The New Economy Accelerated Program
This program is an accelerated application of the New Economy Ideal discussed on this website and explained in detail here – The New Economy Lecture.
The students who are attracted to this on campus program want to homestead and are highly motivated. They crave liberty and being their own man or woman. They yearn to create wealth on the land, to be economically independent, and to live the New Economy. At the completion of this program, the student is Income Ready.
13 Books, 6 Projects
(covers meals, housing, and instruction)
Study/Work Hours per Week:
10 liberal arts hours (2 hours a day)
40 manual arts hours
- DeMille: Thomas Jefferson Education
- Washington: Up from Slavery
- Ebenstein: Great Political Thinkers (5th Ed.) – Chapters 1, 2, 6, 7, 8, 13
- Lecture – Flight From the City
- Lowenfels: Teaming with Microbes: The Organic Gardner’s Guide to the Soil
- Food Web
- Brown: Dirt to Soil
- Lecture – American
- Berry: The Unsettling of America
- Forstchen: One Second After
- Skousen: The 5,000 Year Leap
- Buck: The Good Earth
- Wiker: 10 Books Every Conservative Must Read, plus 4 not to Miss and 1 Imposter
- Lewis: The Weight of Glory
- Lecture – Lights Out
- Bastiat: The Law
- Jung Chang: Wild Swans
- Lecture – Democracy in America
- Income Project Presentation
Projects are Based on Needs of the Campus, Many Overlap
- Rotational Grazing Paddock System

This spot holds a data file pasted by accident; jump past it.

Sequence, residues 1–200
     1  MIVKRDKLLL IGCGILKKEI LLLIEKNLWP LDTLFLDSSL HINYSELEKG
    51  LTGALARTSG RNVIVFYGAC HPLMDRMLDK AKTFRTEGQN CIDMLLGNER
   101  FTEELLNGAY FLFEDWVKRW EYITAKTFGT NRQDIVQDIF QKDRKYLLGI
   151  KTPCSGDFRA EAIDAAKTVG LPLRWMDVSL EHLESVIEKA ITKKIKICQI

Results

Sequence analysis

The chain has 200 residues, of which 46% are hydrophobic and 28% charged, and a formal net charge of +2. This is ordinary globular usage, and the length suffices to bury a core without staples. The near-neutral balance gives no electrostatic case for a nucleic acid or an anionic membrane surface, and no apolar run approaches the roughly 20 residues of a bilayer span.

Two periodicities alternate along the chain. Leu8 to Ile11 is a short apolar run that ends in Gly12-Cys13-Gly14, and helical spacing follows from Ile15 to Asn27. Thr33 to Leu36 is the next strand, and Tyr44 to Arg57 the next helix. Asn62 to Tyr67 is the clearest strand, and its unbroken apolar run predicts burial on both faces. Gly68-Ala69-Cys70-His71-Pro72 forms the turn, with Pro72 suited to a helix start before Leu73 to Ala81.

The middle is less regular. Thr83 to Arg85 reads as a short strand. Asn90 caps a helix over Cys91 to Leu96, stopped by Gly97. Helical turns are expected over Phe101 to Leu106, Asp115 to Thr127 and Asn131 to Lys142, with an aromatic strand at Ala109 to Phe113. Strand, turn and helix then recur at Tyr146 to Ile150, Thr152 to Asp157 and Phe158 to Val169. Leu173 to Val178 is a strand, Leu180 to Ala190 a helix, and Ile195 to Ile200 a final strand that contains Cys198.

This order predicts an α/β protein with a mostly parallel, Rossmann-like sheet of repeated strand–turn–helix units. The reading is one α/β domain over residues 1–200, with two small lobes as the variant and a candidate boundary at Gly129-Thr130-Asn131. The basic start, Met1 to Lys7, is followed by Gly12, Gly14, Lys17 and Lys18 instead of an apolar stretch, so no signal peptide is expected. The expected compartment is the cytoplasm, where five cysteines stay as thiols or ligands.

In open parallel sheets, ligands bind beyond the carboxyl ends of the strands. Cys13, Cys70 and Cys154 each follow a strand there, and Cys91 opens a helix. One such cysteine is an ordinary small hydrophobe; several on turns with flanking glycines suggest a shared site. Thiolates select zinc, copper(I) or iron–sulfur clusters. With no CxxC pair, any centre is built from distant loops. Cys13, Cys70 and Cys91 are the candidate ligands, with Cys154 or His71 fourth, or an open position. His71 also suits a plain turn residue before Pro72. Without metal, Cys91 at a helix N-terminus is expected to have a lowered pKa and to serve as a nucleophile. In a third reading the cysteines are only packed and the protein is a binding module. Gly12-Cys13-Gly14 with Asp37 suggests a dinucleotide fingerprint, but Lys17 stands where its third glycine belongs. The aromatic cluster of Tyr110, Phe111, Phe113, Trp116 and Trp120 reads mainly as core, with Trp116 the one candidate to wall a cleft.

- Campus Water System
- Chicken Coop with Brooding Chamber
- Plant 1,000 Trees
- Build Tool/Storage Sheds
- Build Honey Bee Hives/Swarm Traps/Hive Frames
- Soil Regeneration and Composting
- Animal Husbandry
- Food Preservation
- Biochar Production
- Manage Apiary (Beekeeping)/Create Bee Habitat/Conduct Wild Bee Study
- Build and Populate Rabbit Hutch System
- Build Milking and Milk Storage Station/
Create Milk Products
- Create Farmers Market
- Plant Food Production (Horticulture)
- Market Gardening
- Create Operational Bakery
What MC Expects of NEAP Students
- Be up and prepared for the day before dawn without being told
- Dedicated to academic studies and manual arts work
- Willingness to learn and engage 100%
- Willingness to do whatever needs to be done, when it needs to be done
- Eagerness to work hard 40 hours per week (likely more depending on the need)
- Intent to complete the Program without interruption (save emergencies)
- Students are expected to cultivate an “ownership” mentality regarding the projects in which they are engaged
- Students to treat this program as an internship or prolonged job interview – how well they do determines if they get the job (are ready to begin their solo journey)
There are two questions you are likely asking yourself right now.
1. How can I build a business without a degree?
We have all been told that to start a business requires a business degree, a business plan, and skills to handle the finances, taxes, government regulations etc. While these skills are important in a business, hundreds of millions of Americans have built millions of businesses over the past 250 years without business degrees or professional training. It’s not rocket science and if you have a good idea, tenacity, and a strong work ethic, you can be successful—meaning you can create economic independence in less than 7 years if you follow the principles of the New Economy.
Allow me to offer some examples of successful businesses without anyone earning business degrees or even taking classes in business (I’m not naming them for privacy reasons).